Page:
Sears saga shows that pensions have to be protected

When a store fails there is more at stake than finding a new place to meet consumer’s needs.  For employees the challenges are only beginning. The bigger the enterprise, the more people will be affected and that’s when the retailer’s problems start to present bigger challengers challenges for the government. That’s because when pension plans are shredded and severance packages aren’t paid out, our social safety net has to bear the burden.  In some instances, Canadians are left to pick up the pieces while company ownership is laughing all the way to bank - that’s what’s happening as Sears Canada undergoes court-supervised restructuring and is receiving protection from creditors under the Companies' Creditors Arrangement Act.

The first casualties of these developments have been employees who were recently laid off and just learned their severance packages won’t be paid out. What’s most unfair about this is that the largest burden is placed on those who spent the most time in the company.  Long service, in this case, gets you nothing or costs you more, depending on how you look at it.  That same sentiment applies to 16,000 Sears’ retirees who are waiting to learn if their pensions will be cut.

Sears has been under-funding almost everything except the owner’s bank account for years and retail analysts have predicted the company’s decline.  The Ontario Superior Court had already ruled that Sears Canada was under-funding it’s pension plan and had ordered it to beef up payments.  Now the company is asking the courts to suspend $3.7 million worth of monthly payments to its pension and post-retirement benefit plan.

New Democrats have been telling governments for years that pensions and pay need to be protected when creditors come calling instead of falling to the back of the line.  What is so often lost in the equation is the fact that pensions earned by workers are really just deferred wages.  It’s hard to understand how diverting, withholding, or seizing those funds can be anything but illegal.  This illustrates how the current system is broken - but it can be repaired.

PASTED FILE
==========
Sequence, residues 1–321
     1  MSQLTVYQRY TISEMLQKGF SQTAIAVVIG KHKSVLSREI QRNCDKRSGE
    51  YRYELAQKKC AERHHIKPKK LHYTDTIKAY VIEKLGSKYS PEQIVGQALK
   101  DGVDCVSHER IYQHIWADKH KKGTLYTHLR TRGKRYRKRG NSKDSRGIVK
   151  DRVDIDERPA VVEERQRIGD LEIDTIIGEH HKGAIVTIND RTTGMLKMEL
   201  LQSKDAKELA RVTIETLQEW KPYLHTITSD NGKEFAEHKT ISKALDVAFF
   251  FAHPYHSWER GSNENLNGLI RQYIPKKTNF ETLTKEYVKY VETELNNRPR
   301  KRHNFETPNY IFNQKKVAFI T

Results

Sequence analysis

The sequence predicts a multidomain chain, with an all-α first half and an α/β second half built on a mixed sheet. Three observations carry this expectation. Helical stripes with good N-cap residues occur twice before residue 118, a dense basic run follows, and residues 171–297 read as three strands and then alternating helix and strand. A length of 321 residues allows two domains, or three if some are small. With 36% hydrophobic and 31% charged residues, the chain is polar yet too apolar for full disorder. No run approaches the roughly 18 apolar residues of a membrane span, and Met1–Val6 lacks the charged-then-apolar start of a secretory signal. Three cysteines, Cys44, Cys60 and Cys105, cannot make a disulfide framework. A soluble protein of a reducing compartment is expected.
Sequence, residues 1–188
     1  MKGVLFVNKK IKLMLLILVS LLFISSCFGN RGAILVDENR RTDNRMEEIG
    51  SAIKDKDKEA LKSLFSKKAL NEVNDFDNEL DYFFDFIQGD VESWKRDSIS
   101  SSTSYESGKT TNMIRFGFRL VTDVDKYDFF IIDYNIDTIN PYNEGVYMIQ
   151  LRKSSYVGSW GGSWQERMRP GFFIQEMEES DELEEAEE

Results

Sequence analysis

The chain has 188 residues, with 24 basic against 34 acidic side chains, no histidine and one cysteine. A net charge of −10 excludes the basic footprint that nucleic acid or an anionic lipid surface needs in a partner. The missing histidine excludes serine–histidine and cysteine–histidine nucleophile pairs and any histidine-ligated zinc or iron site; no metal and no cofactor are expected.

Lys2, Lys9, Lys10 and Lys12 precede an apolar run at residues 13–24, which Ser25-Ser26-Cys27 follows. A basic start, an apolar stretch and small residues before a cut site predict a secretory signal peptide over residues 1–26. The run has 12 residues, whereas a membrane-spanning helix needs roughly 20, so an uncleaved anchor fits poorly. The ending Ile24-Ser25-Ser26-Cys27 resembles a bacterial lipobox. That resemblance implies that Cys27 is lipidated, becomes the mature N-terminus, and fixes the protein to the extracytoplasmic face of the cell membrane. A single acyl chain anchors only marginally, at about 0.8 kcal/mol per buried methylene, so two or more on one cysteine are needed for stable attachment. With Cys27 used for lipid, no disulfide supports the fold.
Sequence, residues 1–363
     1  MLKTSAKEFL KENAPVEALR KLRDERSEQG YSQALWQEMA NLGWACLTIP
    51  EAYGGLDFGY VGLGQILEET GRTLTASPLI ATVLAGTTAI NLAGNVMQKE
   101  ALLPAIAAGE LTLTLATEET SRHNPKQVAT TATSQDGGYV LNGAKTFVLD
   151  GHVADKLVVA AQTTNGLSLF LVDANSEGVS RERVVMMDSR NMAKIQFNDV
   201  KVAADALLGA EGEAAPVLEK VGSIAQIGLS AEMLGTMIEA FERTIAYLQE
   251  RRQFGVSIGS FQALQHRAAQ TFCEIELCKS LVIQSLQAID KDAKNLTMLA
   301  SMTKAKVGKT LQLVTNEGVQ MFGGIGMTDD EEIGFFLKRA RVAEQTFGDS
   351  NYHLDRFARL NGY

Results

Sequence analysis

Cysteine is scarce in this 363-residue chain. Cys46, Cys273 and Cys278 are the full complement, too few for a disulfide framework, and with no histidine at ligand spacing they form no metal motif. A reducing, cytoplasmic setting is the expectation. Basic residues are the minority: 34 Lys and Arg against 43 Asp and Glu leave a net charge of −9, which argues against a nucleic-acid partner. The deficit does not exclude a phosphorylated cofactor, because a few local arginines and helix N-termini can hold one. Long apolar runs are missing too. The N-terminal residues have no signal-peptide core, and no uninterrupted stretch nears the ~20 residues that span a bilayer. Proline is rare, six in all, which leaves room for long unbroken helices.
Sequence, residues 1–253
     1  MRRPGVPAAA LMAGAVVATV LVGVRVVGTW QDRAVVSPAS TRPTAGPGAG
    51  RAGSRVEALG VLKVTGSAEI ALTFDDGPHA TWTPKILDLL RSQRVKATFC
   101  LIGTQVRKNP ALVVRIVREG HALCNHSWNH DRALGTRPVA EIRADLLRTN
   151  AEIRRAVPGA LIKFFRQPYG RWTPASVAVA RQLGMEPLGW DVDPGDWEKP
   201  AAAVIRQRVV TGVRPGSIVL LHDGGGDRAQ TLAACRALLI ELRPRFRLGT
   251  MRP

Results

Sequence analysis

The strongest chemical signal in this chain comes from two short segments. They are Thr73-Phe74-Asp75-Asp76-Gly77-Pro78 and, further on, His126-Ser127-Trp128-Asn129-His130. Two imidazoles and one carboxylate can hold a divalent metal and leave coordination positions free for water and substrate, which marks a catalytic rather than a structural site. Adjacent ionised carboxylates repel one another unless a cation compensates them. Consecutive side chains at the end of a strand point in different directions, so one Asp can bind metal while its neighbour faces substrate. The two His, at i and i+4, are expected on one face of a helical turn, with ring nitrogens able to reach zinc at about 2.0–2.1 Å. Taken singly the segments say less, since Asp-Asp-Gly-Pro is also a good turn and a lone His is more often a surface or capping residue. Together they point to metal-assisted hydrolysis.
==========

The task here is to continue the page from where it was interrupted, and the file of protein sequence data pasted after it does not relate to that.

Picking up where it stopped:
The government knows as much and the Liberals even campaigned on a promise to improve income retirement security for all Canadian seniors. So far we are waiting for them to propose any solution and they haven’t even acknowledged the grim future of the workers and retirees involved in recent bankruptcy proceedings.

As mentioned at the outset, one individual has been getting fantastically wealthy from the company’s bad fortune.  Billionaire hedge fund manager, Eddie Lampert is the controlling shareholder of Sears and Kmart in the U.S., and of Sears in Canada who has presided over the company’s uninterrupted downward spiral. A piece by Alan Freeman for iPolitics outlines the life of excess he is able to lead while siphoning off and monetizing all the value from Sears’ holdings. With no prior retail experience, he sold everything that had any value and announced dividend payments without re-investing any money in the company.  As Freeman suggests, Sears may have been in trouble anyway, but Lampert has made things much worse.

Still there is a significant role for the government to play, especially when it comes to making sure that pensions are secured. The Liberals have to stick to their election promises and protect retirees.  New Democrats believe this is a matter of fairness for workers and will continue to fight for a Canada that works for everyone. This means making sure that corporations and multinationals can’t steal the pensions that workers and retirees have already earned because Canadians deserve to retire with dignity.